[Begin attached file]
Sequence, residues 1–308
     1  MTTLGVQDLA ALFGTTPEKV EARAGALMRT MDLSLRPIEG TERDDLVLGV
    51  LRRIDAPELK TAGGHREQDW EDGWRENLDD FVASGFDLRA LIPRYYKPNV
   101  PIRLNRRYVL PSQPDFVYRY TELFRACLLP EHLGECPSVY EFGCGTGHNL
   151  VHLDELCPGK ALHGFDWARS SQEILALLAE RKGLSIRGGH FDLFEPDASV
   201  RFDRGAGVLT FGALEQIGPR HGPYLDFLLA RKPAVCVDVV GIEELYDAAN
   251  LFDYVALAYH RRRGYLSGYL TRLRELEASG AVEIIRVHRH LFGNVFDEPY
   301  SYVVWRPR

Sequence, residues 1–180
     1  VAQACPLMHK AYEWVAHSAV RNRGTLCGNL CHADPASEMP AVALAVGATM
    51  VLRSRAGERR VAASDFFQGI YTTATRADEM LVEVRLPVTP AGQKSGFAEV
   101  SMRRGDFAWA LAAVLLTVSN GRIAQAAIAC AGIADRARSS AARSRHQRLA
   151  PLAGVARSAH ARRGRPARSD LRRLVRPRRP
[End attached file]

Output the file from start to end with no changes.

Sequence, residues 1–308
     1  MTTLGVQDLA ALFGTTPEKV EARAGALMRT MDLSLRPIEG TERDDLVLGV
    51  LRRIDAPELK TAGGHREQDW EDGWRENLDD FVASGFDLRA LIPRYYKPNV
   101  PIRLNRRYVL PSQPDFVYRY TELFRACLLP EHLGECPSVY EFGCGTGHNL
   151  VHLDELCPGK ALHGFDWARS SQEILALLAE RKGLSIRGGH FDLFEPDASV
   201  RFDRGAGVLT FGALEQIGPR HGPYLDFLLA RKPAVCVDVV GIEELYDAAN
   251  LFDYVALAYH RRRGYLSGYL TRLRELEASG AVEIIRVHRH LFGNVFDEPY
   301  SYVVWRPR

Sequence, residues 1–180
     1  VAQACPLMHK AYEWVAHSAV RNRGTLCGNL CHADPASEMP AVALAVGATM
    51  VLRSRAGERR VAASDFFQGI YTTATRADEM LVEVRLPVTP AGQKSGFAEV
   101  SMRRGDFAWA LAAVLLTVSN GRIAQAAIAC AGIADRARSS AARSRHQRLA
   151  PLAGVARSAH ARRGRPARSD LRRLVRPRRP